Don’t Underestimate the Power of One

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Don’t Underestimate the Power of One

So often these days we feel helpless to change things that are happening around us. Whether a law, the government, or our community. We will tell ourselves we are just one person after all. What can we do?

Here is a book that may change your mind about that. It isn’t a self help book. It’s a true story of a man and his wife who saved 50 children at the time Hitler was overtaking their nation. It’s one of many stories of everyday people who have proven one person can indeed have an extraordinary effect.

Books such as this one make me think that instead of all the “how to” books on building confidence and success, we should be reading about real people who have lived it. Reading the example such as the Kraus family here, should make us question our own strengths and will.

In 50 Children, a Jewish man, Gilbert Kraus, is asked to go into Nazi Germany to get children out before they are trapped there by Hitler. When it becomes clear that Austria has the more urgent need, Mr. Kraus and his wife Eleanor, go there instead in an attempt to save the children. Their limit was 50.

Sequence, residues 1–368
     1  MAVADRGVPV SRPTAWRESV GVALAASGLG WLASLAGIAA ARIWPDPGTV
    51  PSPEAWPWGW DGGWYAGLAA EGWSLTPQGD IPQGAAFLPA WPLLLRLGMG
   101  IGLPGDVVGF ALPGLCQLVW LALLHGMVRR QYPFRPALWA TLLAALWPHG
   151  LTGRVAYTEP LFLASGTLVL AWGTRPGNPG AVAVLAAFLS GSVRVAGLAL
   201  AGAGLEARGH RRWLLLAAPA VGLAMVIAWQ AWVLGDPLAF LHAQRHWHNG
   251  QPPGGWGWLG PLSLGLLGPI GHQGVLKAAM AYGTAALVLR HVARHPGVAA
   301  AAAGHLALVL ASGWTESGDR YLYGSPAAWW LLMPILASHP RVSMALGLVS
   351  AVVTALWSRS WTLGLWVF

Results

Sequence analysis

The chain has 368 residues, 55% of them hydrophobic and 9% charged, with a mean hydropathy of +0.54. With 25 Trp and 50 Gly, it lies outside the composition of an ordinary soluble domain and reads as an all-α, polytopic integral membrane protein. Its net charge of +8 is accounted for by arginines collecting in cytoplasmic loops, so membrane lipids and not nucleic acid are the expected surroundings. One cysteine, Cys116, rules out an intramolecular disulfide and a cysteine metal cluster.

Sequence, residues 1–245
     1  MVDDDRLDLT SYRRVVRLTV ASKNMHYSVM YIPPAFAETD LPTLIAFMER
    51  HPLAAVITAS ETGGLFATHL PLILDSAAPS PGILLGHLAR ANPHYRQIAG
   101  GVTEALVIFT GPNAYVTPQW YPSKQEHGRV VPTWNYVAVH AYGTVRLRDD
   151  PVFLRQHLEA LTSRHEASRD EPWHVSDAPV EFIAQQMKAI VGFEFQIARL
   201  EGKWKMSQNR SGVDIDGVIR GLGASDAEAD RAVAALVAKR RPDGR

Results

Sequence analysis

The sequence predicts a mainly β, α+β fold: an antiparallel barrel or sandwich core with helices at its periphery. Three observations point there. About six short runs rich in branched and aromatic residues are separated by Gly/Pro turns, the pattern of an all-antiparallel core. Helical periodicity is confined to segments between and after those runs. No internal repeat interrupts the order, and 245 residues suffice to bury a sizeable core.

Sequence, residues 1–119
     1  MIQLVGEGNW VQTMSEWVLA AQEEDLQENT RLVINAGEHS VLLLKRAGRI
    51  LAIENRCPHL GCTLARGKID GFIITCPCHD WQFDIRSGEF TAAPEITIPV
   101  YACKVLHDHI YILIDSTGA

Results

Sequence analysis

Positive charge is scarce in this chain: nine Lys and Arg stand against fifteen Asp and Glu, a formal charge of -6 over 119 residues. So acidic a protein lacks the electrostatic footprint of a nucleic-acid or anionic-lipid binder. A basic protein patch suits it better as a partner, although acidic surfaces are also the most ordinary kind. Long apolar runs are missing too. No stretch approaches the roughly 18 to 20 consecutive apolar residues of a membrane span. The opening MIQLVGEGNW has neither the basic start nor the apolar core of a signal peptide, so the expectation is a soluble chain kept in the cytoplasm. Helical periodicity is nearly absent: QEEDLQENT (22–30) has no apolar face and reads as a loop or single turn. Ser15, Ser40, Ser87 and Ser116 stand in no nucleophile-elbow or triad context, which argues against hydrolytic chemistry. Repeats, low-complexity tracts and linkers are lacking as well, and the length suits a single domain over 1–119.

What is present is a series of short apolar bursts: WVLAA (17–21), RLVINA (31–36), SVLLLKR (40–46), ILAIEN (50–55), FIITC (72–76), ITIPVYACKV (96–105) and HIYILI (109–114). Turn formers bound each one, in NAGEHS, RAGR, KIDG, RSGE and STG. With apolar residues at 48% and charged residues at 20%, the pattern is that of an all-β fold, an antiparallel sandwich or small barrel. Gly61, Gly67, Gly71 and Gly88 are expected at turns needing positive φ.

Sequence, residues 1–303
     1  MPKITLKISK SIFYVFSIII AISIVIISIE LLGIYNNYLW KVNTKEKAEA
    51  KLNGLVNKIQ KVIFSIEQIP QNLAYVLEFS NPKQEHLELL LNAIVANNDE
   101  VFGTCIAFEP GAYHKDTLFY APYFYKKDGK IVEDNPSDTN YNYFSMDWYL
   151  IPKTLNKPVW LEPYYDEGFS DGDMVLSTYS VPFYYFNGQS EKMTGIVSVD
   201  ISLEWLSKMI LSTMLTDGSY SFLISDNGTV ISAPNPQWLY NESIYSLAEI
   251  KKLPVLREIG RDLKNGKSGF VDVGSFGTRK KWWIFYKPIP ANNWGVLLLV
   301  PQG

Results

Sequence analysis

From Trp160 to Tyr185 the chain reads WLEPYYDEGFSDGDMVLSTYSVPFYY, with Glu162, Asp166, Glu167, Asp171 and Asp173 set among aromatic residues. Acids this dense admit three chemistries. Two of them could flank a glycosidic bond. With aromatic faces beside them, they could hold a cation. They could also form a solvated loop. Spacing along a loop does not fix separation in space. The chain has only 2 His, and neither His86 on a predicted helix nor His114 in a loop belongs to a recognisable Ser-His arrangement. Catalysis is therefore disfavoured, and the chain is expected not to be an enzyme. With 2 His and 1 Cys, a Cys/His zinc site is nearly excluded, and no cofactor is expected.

50Children

Even writing that now it pulls me in different directions. Fifty sounds like so many. When you think of our lives today, when our two or three children can drive us crazy at times, how could one couple handle fifty? Not only does it sound impossible to keep track of them all, but keeping them safe as well? Then as I read further, it reminded me of Schindler’s List at the end of the movie, when he asks himself why he didn’t do more. Fifty was a small number then. Why limits were set is sad and puzzling when you look back as well.

The story tells of their experience. It’s a story that would never have been revealed if descendants hadn’t run across a journal kept by Mrs. Kraus. The Kraus’ themselves never spoke of it. They quietly did what they could, at substantial risk to themselves as Jews.

It’s an important book to read, both for inspiration and remembrance.

You can read the full review here.

The book is available in all formats, including audio.

 

 


 

 

ABOUT THE AUTHOR

Merry Citarella, often writing as Merrci, writes on a wide range of topics. Recently relocated to the Oregon Coast in the northwest United States, she frequently writes travel features on the beautiful Pacific Northwest. She specializes in health and aging, Alzheimer’s Disease, food, lifestyle, and book reviews. For more information you can see her on The Writers’Door. You can read more articles here or at her websites Alzheimers HQ and Simple Living Ideas

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